EMMANUEL Macron has announced a three-week nationwide school closure and domestic travel ban amid a surge in coronavirus cases in France.
The French President has announced the closure of all schools and childcare centres and a travel ban within the country.
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Speaking in a televised nationwide address this evening, President Macron said measures already introduced in some regions of France will be extended across the country, including a 7pm curfew.
This brings the whole country in line with cities like Paris, which have had a limited lockdown imposed for the past two weeks.
People are also asked to work from home where they can and non-essential shops will be closed, with the measures lasting for four weeks.
Saying the education of children is "non-negotiable", the French president announced daycare centres, primary schools, middle schools and high schools will shut for just three weeks.
They will move to remote learning from next week, before breaking up for the Easter holidays on 12 April for two weeks.
University students will be able to attend classes in person for one day per week.
"The epidemic is accelerating, and we are likely to lose control, so we must find a new way of reacting," said Macron.
"We must therefore set ourselves a new framework for the coming months.
"With regards to schools, we’ve all got to be aware of our responsibilities as far as our youth are concerned.
"We’ve kept them open since September 2020, but this will now change."
The president said non-essential shops would remain shut, along businesses such as cafes, bars, and restaurants.
Mr Macron said the so-called ‘British variant’ of Coronavirus was causing particular concerns in France.
"We are faced with a new situation," he said.
"We are involved in a race. Propagation of a new variant that was identified by our British neighbours’ must be dealt with."
Researchers in France have found a new Covid variant with mutations that could be more resistant to the vaccine and more easily transmissible.
The nationwide move is a departure from the government's policy in recent months, which has focused on regionalised restrictions.
School closures in particular had been seen as a very last resort.
A debate is scheduled in parliament tomorrow that will address the virus situation and the new measures.
“The key factor in our decision-making remains the situation in hospitals”, government spokesman Gabriel Attal said today after Macron hosted his weekly coronavirus strategy meeting.
“After Paris hospital officials warned they would have to start refusing needy patients for lack of space”, he said, “One thing is clear: France will not refuse care for any sick patients. Choosing patients is not an option.”
“Whatever path is chosen”, he warned, “we have difficult weeks ahead of us.”
Previous nationwide lockdowns in March and October last year were announced by Macron in televised speeches.
The French leader addressed the nation at 8pm local time as the country anxiously awaited the news.
An overnight nationwide curfew has been in place since January, and all France's restaurants, bars, gyms, cinemas and museums have been closed since October.
In Paris and other regions where the virus is spreading rapidly, residents already have extra restrictions on movement and nonessential stores are closed.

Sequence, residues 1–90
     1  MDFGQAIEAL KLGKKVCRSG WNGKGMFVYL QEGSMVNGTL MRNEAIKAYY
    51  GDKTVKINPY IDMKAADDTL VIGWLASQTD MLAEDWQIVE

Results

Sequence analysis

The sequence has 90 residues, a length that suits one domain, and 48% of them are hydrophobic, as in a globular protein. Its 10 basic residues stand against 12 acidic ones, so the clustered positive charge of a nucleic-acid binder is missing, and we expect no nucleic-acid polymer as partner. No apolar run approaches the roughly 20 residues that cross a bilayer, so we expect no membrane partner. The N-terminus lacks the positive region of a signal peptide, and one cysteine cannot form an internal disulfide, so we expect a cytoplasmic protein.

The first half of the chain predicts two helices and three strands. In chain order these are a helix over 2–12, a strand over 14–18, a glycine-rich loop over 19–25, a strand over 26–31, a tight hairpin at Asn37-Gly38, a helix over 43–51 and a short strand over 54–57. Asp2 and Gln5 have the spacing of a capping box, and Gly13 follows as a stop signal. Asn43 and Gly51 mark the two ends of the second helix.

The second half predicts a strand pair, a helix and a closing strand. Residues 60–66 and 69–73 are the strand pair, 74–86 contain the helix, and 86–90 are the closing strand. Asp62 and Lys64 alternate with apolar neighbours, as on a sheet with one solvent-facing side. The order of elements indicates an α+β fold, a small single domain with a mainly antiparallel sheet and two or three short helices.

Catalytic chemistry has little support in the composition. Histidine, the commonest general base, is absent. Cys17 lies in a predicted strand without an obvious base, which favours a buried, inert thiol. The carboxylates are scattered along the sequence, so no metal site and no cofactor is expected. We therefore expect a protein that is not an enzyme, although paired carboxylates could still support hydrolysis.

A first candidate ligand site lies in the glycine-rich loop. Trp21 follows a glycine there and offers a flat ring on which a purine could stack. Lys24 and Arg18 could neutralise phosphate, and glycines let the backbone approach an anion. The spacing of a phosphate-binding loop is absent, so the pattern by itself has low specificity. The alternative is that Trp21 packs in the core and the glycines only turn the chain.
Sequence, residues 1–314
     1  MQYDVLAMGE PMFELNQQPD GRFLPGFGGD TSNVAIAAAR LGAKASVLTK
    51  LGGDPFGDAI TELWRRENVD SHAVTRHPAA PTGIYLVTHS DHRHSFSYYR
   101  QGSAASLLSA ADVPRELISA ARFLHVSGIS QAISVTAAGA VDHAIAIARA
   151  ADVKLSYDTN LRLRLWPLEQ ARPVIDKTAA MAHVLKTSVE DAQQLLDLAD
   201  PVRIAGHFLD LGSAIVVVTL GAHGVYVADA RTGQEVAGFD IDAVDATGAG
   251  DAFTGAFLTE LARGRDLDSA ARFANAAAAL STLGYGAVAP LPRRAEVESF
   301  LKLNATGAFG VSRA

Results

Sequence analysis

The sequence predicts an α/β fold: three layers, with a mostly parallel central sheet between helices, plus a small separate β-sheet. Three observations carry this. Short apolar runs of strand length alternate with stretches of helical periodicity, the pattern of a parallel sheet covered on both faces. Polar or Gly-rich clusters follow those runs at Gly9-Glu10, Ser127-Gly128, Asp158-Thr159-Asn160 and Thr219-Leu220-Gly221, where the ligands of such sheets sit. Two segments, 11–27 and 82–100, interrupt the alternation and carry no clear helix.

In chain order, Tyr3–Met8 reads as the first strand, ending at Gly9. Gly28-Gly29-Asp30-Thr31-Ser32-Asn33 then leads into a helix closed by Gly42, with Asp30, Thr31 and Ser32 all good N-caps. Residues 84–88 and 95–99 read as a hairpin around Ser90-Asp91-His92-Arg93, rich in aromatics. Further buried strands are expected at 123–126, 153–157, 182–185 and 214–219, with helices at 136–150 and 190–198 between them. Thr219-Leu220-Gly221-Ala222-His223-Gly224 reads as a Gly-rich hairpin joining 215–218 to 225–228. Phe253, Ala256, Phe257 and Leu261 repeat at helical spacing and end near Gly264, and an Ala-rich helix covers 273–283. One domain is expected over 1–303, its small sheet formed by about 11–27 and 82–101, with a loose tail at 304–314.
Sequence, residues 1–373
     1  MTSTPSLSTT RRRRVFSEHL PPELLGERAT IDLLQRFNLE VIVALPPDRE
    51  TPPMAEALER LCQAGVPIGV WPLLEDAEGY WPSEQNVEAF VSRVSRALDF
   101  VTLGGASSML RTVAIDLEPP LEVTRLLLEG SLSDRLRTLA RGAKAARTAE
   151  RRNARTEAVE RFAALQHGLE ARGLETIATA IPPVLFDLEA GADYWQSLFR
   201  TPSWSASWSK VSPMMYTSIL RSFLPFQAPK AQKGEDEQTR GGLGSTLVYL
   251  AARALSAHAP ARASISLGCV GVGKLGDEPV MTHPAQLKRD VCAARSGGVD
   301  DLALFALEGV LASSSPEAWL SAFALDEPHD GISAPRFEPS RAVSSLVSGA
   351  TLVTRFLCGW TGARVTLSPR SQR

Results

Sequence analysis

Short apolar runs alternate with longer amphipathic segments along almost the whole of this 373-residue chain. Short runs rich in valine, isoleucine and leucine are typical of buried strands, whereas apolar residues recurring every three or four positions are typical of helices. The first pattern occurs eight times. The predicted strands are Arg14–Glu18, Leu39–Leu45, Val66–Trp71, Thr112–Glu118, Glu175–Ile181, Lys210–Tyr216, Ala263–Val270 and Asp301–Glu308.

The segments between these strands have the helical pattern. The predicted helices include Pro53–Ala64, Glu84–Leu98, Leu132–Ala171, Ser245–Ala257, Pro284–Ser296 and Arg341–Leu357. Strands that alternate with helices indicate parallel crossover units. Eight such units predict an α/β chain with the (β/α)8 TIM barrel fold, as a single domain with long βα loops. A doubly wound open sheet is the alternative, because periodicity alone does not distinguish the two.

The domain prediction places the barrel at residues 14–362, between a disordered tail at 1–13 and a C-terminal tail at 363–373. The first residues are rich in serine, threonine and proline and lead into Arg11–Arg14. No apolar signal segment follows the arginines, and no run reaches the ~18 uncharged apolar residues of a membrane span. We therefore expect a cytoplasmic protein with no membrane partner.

France is now routinely seeing 40,000 new coronavirus cases a day.
The total number of Covid patients in intensive care in France surged past 5,000 yesterday – the highest ICU figure for 11 months.
Earlier this month, Macron refused to apologise for his country’s disastrous virus strategy.
He said: "I can tell you that I have no mea culpa to offer, no remorse, no acknowledgement of failure."
Adding to the country's battle against the disease is that France is well behind the UK on its vaccine rollout following a series of U-turns on the AstraZeneca jab.
Macron initially claimed the remedy was not suitable for those aged over 65 before announcing it shouldn't be given to those under 55 – and then later reintroducing it.
The jab has been backed by Europe's regulatory agency, as well as the World Health Organisation.
Meanwhile, reports in France claim Macron doesn't bother listening to experts on Covid any more – despite soaring cases.
Sources say Macron believes he's such an expert in the spread of coronavirus that he "no longer follows the advice of scientists".
And the president has been blasted in newspaper Le Monde – as France's crisis continues to spiral out of control.
The paper says Macron has flouted the advice of his experts for almost a year after he announced the reopening of schools in advance of scientific advice.
Germany and France were last night slammed for flirting with Vladimir Putin over the Sputnik V vaccine after trashing the AZ jab.
Critics warned they risk handing the Kremlin a major PR victory at a time when it is increasing its aggression towards the EU.
Lithuanian MEP Petras Auštrevičius said Moscow was using the shot as "a well-directed PR stunt" and urged the bloc to reject it.
He told The Sun: "Russia is exploiting the COVID-19 pandemic to portray itself as a global power with a so-called strong humanitarian policy line.
"Its intentions are openly hidden in the name of Sputnik V, which if translated, means ‘a satellite’ or a satellite in the orbit of Russia.
"We should not be fooled by Russia’s attempts to present itself as a partner to the West in fighting the COVID-19 pandemic."
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